Bill would protect the PA landowners; Legacies of the President


Editorials and other opinion pieces provide perspectives on issues important to our community and are independent of the work of our news editors.

Bill would protect the PA landowners

I’m a senior at Gettysburg College. I am currently studying environmental policy, specifically Pennsylvania House Bill 2411, the Flooding and Stream Restoration Information Act. I am writing to express my support for the passage of this bill and other similar bills also included in the stream maintenance package. This law would go a long way towards enabling private landowners such as farmers to take flood protection into their own hands. Many people have seen themselves losing valuable land while waiting for government approval to take action to prevent flooding. It would also mandate the state to produce an annual report on flooding and river restoration in the Commonwealth of Pennsylvania. There would be transparency about financial spending and government efforts to prevent further flood damage.

As a lifelong resident of Pennsylvania, particularly State College, I believe this would be a valuable addition to Pennsylvania’s environmental legislation. Nature waits for no one, not even the government. It respects people’s time and resources and is a great example of liberal pluralism. Overall, I believe that the public should be informed about this bill so that they can contribute their personal opinion.

Erin Fitzgerald, Port Matilda

Legacies of the President

Troy Senik has written a new biography of a politician, Grover Cleveland, who has achieved what Donald Trump will attempt in 2024: win two non-consecutive terms as president. That’s where the similarities end.

For one thing, Trump never won the popular vote, although the undemocratic electoral college once got him into the White House. Cleveland, a Democrat, won the popular vote three times, although the Electoral College banned him from the White House after running for re-election in 1888.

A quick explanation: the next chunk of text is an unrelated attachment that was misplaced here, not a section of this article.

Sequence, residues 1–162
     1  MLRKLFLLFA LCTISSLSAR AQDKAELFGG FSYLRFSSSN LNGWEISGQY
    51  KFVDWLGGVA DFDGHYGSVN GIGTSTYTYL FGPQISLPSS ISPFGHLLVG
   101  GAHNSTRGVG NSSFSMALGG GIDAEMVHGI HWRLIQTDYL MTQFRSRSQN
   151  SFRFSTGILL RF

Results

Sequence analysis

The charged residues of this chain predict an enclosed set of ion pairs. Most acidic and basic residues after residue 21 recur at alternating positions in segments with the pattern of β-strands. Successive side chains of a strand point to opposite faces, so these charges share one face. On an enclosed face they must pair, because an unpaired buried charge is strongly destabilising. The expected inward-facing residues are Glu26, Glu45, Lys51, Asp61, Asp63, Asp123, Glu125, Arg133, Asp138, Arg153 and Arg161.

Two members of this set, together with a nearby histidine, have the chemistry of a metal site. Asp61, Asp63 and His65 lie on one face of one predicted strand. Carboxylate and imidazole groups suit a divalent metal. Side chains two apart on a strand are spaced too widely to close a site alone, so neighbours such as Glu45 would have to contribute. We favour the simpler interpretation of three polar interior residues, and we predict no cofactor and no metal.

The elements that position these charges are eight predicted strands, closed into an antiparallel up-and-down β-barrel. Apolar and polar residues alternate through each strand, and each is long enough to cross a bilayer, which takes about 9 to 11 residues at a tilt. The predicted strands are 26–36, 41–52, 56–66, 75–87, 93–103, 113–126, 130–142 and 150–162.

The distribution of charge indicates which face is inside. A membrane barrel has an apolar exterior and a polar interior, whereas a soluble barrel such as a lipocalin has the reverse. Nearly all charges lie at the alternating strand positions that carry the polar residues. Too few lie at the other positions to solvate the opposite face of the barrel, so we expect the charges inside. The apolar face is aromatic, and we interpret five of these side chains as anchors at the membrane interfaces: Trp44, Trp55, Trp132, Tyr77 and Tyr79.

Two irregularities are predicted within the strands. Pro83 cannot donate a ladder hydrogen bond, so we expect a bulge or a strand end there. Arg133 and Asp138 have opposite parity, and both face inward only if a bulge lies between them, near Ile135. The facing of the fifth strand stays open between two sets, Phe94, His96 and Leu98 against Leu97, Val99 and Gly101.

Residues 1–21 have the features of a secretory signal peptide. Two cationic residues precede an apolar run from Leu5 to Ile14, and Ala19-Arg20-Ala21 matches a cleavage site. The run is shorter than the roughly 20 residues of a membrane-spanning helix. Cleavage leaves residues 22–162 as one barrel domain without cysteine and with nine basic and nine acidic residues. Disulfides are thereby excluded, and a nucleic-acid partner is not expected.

On the other hand, their legacies. Important public events took place, but Cleveland’s presidency is little remembered. He did nothing that could be described as a turning point in American history. He was just known for honesty.

Mark Twain, a writer who did not flatter politicians, called Grover Cleveland “the greatest and purest American citizen … a very great President, a man who not only properly appreciated the dignity of his high office, but contributed to it.”

President William Howard Taft hailed Cleveland as “a man of the highest character, a father and husband of the best type…”

Whether Trump wins or loses in 2024, books have already described his legacy as a turning point. He brought the “crazy fringe” into the White House, made him the mainstream decision-maker in the Republican Party, and then attempted to retain his presidency through fake voters and an insurgent attack on Congress, a first for an American president. With the obvious end goal: a rule of law in the style of Vladimir Putin. Elections are held, but only Republican politicians can retain power.

John N Rippey, Zion

clarification of a letter

I reply to Mr. Adams’ refutation of my last letter to the editor with clarifications. First, I have not promoted the use of the Strategic Oil Reserve to make us energy independent. We need to tap into our oil and gas fields and complete the Keystone pipeline. The reserve should not be used for our energy.

Second, I didn’t say that the illegal immigrants are responsible for our COVID, the concern is that they weren’t tested so they could spread COVID. There are many problems with our southern border that I have clearly pointed out.

Third, Trump has not been confirmed to have colluded with the Russians in the 2016 election.

Hope this clears up the issues.

Linda Lochbaum, State University